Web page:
Tuesday, June 30, 2009
Need some serious help, Moms. Attachment parenting confusion and dilemna.
I need some advice from the adoptive parenting community:
Charlie cries whenever I set her down for a second. This is not good for our lifestyle, although I can manage it for awhile longer, but not forever.
Let me describe the behavior a bit more. For example, I will have just changed her and fed her, so I know she is physically comfortable. I get up from where I was sitting (10 inches from her highchair while feeding her) to get a paper towel, and she starts wailing.
Or, we are lying in bed and I have to get up to switch off the light which is 5 steps away. She starts wailing.
Etc. This behavior seems to be getting worse over time, not better. There are a few improvements, like she will let my mother and father hold her while I'm in the room (but swivels her head to see where I am all the time) for a little while, but soon reaches out her arms for me to take her. If I leave the room, she wails.
This behavior at first seemed to be completely attachment related. Recently I'm starting to notice that it seems she has learned that crying will get her what she wants. For example, I tell her "no" very gently and remove her hand from the table cloth which she was pulling off the table... she starts crying. I had been then trying to distract her with a toy or something else, but I really want her to learn to accept "no" in her life. It's an important lesson. I certainly don't want a child who cannot tolerate being told "no" or having limits set.
Here's where the confusion sets in. Since she is adopted, and has had three large losses in her life (birth mother after 15 days, nanny after 9 months, and the Ethiopian culture she lived in for 9 months), should I give in to her?? Should I pick her up, distract her, each and every time she starts crying when I stand up for a second? So far I have been and the behavior seems to be getting worse.
My parents are of the mindset that I'm going to "spoil" her (I hate that expression! She's not a piece of fruit!) by picking her up whenever she cries. This morning, she cried non-stop when I went to take a shower and my parents decided to see what would happen if they ignored her (while sitting very close to keep an eye on her). They thought she would stop crying. Well, she didn't. She cried the whole time I was gone, and by the time I got back, it was a full on shriek-fest. She was drenched in sweat. I picked her up and she stopped immediately. I felt really guilty. My poor baby!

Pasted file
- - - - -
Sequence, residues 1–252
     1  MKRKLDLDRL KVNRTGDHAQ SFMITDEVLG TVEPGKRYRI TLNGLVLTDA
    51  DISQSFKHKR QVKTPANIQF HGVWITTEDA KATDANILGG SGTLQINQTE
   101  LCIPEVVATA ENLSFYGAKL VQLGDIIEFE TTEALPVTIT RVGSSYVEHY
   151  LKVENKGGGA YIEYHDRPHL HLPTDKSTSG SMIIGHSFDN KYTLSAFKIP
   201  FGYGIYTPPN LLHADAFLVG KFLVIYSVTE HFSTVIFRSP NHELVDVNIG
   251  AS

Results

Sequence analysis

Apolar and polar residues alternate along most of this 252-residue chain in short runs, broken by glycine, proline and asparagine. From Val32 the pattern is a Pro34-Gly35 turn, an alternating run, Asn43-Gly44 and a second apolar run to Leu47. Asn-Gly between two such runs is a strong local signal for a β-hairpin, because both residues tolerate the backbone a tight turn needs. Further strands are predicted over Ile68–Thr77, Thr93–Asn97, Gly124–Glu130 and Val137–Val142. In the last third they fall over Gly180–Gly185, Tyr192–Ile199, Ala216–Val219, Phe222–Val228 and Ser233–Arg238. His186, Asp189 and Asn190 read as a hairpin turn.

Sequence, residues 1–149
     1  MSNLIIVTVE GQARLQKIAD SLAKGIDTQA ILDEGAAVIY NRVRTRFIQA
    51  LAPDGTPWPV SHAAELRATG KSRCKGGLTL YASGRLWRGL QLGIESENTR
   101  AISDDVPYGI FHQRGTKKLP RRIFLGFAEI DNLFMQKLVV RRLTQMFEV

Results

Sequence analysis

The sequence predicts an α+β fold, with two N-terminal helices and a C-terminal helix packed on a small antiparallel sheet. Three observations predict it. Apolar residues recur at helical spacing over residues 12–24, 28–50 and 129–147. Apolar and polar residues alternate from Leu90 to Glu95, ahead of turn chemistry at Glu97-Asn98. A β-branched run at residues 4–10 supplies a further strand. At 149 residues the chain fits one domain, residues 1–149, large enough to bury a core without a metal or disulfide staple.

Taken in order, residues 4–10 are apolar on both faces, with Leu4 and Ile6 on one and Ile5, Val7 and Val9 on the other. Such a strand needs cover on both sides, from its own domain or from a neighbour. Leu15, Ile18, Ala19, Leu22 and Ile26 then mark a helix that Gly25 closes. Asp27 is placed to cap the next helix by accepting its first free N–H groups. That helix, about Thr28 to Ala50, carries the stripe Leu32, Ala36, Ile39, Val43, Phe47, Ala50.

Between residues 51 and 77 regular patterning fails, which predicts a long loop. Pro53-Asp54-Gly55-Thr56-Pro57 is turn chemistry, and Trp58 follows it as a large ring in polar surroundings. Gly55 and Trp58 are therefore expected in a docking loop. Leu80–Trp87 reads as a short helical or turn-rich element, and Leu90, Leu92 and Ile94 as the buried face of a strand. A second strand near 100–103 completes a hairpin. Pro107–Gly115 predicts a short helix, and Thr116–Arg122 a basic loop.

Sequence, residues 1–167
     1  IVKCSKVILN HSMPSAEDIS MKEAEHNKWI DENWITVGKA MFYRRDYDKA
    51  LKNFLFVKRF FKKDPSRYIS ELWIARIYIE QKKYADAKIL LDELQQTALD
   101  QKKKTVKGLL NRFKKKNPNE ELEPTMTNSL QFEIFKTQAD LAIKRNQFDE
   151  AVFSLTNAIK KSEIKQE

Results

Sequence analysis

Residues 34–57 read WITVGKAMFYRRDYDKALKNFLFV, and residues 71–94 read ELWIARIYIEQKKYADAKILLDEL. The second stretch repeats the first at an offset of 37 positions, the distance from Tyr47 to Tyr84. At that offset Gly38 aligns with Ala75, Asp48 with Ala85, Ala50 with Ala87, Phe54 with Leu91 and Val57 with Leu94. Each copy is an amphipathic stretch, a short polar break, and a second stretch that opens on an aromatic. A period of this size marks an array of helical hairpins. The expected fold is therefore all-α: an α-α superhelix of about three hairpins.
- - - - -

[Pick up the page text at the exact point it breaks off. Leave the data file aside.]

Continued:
My dad mentioned that "she won" by getting me to pick her up. He fully recognizes and thinks the bonding and cuddling are necessary, esp. for newly adopted babies, but thinks it is better done when the babies are being sweet and happy, rather than in response to tantrums (if that's what they are).
I don't see this as a game or contest to be won or lost, but I do understand that I basically reinforced in her mind that 20 minutes of crying gets her what she wants.
Everything I've read about adoption though, says to pick them up whenever they want you, at least for the first month or two, and then once they are firmly attached you can start setting boundaries. My parents think that will be too late, or much more difficult to change behaviors then, and I tend to agree with that notion (that a habit is harder to break once it's been firmly reinforced). So I'm very confused. Also, I have tried to let her cry but after about 5 minutes I start thinking I'm a terrible person, she's so little and vulnerable, she's already been abandoned twice, etc, etc, etc... and I go pick her up to stop those thoughts and reassure her (and myself) that I'm there for her and will never leave her.
One last bit of information to help you give advice: She seems attached to me ever since the first day. I've been with her 9 days today. The attachment seems more "desperate" to me than a secure attachment (like any of my nieces or nephews had. They could all tolerate their mothers leaving the area for a minute, knowing she would be back.)
Ok, parents, here's the question.... How would you handle this behavior? I getting worried that I'm doing the wrong thing, causing the behavior to get worse instead of better, and damaging her somehow.